Dental implants are a long lasting way to improve the function and appearance of damaged or missing teeth. Yet many people hesitate to consider getting dental implants--simply because they don't understand what the process is like. If you are suffering from dental issues that could be treated by implants, read on. This article will present an overview of the entire dental implant process.
Consultation with your dentist.
The proper place to begin is by meeting with your dentist to discuss whether dental implants are an appropriate solution for your condition. They will help to put you at ease by going over what to expect during each phase of the process. And in the event that they are not qualified to perform the relevant surgeries, they will be able to recommend a trustworthy oral surgeon.
Extraction of existing tooth.
This is only necessary if your implant is intended to replace an existing tooth--likely one that is decayed or excessively damaged. In that case, extraction is the first surgery to be performed. It must be scheduled so as to allow enough time for the surgical site to heal entirely before moving on to the next phase.
Insertion of the implant.
Once your mouth has fully recovered from any extractions that had to be performed, you will schedule another visit in order to have the implant installed. This involves the dentist performing a series of incisions in your gums. The idea is to gain access to the underlying jawbone, which is where the implant will be rooted. A series of progressively larger drills are used in order to create a hole in the jawbone.
When the hole has reached the necessary width and depth, the implant is screwed into place. It's important to understand that this implant is not actually the replacement tooth; it is just a stable base to which the false tooth--comprised of two parts: the abutment and the crown--is attached. This cannot be done, however, until your mouth has recovered from implant surgery.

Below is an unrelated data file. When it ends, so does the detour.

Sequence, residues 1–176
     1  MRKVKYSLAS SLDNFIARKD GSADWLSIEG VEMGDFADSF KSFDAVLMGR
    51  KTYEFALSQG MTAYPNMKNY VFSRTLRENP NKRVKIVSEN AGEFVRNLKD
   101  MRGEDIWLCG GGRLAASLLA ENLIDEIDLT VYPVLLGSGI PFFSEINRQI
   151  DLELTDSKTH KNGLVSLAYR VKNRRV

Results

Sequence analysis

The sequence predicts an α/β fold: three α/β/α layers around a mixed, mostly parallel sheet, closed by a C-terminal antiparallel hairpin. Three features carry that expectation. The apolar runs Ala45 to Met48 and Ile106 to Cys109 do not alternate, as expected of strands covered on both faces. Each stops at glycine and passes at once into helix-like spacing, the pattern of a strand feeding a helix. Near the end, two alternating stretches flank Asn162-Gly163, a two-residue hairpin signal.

Attachment of the abutment and crown.
Compared to the implant surgery, attaching the abutment is relatively simple and non-invasive, requiring only a local anesthetic. The surgeon will remove the temporary cap used to cover the hole in the implant and replace it with the abutment. This is, in essence, a metal post that provides a site of attachment for the crown.
In some cases, the crown is attached immediately after the abutment. Many dentists, however, choose to wait another week or two in order for your gums to heal from the stress of abutment attachment. Either way, once the crown is screwed into place your dental implant will be fully complete!
To learn more about dental implants, contact a company like Oral Surgery Associates Inc.Share